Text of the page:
The second reason for uncollected rubbish in the street is down to how private rubbish collection works. My area, like many in the north inner city, uses bags, not bins. The reason for this is that we live in small terrace houses with no front yard. We simply do not have anywhere to put wheelie-bins.

    Several companies collect in the area, each company only collects bags bought from them, or bearing their tag. A black sack with no tag is not their problem and will be left there. They will also only collect bags with 15kg or less of rubbish, so an overfilled bag is left there too, as is a recycling bag with the wrong contents, as is a bust bag (this happens a lot as the bags they provide are really quite flimsy).

    When Dublin City Council got out of the business of collecting domestic waste they created a new type of waste littering our streets. The waste generated by the untagged/unsorted/overweight/bust bags will not be collected by the private waste companies. It simply sits in the street rotting, often for weeks. Dublin City Council may no-longer consider domestic waste their problem but street cleaning and public sanitation most certainly is. They need to stay on top of this new type of waste, blaming the people who live in the north inner city is not a solution.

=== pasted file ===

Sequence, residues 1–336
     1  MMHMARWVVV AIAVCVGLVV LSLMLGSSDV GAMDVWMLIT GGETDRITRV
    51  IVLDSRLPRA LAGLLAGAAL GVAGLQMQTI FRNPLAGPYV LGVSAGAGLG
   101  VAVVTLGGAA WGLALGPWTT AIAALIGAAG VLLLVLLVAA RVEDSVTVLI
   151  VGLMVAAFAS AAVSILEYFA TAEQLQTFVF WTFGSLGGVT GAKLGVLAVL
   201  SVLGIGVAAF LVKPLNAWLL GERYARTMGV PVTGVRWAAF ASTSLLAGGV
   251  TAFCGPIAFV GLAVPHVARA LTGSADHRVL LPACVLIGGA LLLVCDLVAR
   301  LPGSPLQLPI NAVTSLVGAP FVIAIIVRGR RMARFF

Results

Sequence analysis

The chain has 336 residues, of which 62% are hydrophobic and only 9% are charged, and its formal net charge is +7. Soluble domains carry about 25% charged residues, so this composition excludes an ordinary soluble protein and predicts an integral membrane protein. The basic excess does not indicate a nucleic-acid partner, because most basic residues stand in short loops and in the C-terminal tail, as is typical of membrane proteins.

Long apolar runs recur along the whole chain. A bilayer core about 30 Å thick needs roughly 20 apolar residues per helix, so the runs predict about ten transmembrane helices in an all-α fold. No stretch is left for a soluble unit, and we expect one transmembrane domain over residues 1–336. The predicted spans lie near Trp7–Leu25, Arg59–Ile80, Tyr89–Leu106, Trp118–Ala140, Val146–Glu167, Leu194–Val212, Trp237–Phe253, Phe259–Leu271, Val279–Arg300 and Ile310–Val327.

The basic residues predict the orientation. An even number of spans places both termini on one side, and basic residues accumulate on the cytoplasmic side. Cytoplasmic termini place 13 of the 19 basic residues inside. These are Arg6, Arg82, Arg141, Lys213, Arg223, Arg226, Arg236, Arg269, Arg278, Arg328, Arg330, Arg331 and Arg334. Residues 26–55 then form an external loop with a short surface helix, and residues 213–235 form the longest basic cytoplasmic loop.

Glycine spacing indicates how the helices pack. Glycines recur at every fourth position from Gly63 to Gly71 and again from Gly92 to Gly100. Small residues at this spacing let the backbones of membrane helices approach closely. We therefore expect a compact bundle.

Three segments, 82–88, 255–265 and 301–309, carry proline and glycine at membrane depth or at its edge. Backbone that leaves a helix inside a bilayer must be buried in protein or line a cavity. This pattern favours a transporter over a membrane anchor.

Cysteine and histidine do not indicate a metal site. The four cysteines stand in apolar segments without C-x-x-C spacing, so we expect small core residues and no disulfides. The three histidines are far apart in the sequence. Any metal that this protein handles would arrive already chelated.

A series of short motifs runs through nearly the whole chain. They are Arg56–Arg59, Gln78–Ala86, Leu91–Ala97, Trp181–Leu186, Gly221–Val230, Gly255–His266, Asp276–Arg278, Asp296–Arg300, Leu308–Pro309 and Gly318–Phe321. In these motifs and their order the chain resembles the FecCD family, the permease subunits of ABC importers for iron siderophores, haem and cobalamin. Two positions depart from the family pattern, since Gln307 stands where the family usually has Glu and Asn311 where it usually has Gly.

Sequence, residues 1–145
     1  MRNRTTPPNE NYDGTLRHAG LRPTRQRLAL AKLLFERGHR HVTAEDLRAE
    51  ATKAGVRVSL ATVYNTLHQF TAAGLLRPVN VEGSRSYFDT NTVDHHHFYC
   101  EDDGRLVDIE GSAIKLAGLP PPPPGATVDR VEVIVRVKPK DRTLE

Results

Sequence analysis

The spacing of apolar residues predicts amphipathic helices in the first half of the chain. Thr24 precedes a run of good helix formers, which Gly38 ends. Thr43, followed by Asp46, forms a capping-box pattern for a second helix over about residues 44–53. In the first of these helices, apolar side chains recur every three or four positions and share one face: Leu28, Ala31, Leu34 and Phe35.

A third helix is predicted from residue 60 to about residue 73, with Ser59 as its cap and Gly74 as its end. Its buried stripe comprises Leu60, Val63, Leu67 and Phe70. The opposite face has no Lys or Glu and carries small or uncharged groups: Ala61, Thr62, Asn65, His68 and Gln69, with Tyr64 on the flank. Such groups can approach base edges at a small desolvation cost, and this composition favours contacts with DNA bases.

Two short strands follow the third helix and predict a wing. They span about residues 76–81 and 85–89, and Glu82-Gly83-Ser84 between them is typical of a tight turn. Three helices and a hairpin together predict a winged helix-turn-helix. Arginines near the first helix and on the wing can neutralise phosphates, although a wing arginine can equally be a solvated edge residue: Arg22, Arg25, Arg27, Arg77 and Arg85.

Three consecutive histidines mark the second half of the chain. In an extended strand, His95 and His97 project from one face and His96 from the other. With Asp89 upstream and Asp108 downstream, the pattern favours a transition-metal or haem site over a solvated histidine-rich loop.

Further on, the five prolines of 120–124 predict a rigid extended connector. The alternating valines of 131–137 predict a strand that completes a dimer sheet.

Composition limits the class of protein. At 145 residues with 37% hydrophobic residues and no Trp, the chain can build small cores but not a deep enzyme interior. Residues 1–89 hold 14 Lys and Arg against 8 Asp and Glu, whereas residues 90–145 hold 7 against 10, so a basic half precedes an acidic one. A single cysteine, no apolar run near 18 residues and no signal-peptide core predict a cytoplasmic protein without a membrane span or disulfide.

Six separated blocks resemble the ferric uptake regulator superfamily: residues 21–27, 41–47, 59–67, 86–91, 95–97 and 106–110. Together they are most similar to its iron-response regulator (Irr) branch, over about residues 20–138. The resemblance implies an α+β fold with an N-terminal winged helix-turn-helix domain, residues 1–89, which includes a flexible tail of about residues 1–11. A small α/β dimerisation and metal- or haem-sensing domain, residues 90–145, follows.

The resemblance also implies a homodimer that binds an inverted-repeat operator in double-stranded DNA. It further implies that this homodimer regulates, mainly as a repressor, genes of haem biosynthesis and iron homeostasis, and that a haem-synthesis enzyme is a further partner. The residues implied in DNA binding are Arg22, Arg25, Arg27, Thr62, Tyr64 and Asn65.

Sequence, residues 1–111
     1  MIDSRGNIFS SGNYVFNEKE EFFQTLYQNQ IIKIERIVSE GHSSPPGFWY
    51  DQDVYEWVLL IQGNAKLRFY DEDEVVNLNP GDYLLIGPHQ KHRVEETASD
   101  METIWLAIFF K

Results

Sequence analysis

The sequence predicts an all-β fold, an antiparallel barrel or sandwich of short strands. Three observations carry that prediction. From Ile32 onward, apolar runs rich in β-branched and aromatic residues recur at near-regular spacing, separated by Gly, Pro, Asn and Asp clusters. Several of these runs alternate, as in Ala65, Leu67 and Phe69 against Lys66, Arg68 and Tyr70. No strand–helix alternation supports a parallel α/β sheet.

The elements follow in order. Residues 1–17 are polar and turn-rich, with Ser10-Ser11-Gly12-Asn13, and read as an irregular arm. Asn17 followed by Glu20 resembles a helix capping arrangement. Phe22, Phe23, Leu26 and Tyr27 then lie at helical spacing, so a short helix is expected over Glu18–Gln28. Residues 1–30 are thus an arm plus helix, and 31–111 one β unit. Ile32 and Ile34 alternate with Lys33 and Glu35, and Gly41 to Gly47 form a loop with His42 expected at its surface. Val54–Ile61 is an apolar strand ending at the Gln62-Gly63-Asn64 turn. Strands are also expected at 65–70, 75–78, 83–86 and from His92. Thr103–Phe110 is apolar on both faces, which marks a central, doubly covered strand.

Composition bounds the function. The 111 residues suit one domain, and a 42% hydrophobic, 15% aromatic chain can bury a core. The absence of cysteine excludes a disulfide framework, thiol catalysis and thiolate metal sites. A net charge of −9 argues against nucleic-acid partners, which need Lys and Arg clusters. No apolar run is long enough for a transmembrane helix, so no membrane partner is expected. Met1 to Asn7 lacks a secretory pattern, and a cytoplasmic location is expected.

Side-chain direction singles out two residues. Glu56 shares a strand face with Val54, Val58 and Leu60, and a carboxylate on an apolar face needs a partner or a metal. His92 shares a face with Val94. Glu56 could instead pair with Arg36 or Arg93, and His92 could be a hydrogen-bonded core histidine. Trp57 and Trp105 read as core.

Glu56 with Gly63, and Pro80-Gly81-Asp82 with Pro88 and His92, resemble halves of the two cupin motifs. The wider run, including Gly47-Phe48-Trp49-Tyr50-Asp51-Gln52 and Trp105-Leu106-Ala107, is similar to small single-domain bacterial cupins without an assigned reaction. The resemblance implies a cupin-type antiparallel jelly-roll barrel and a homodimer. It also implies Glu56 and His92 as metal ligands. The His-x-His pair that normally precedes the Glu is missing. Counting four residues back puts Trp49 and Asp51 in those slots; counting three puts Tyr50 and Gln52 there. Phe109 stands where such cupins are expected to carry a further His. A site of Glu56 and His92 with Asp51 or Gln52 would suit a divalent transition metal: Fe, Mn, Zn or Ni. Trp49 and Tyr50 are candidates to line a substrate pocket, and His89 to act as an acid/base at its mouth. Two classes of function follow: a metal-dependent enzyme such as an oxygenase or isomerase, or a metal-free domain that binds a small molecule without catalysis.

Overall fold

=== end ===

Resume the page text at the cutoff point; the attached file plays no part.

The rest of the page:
By all means name and shame those who dump illegally, but the first priority should be cleaning the streets for majority of us who do not.

  4. I like the sound of the Amsterdam system which has card access to large bins that store waste under the paving and even crush the waste. There is no reason for bags on the street at all.

    There should be more of this in the city center as well, with the majority of street waste being easily crushed coffee cups, that are just 99% empty air but in a small bin take up a lot of space.

    The shaming idea only worked as no one knew they were under surveillance. They’ll just do it at night covered up from now on. The idea of every street feeling like they are under surveillance 24/7 is hardly a win if you are trying to get people on side.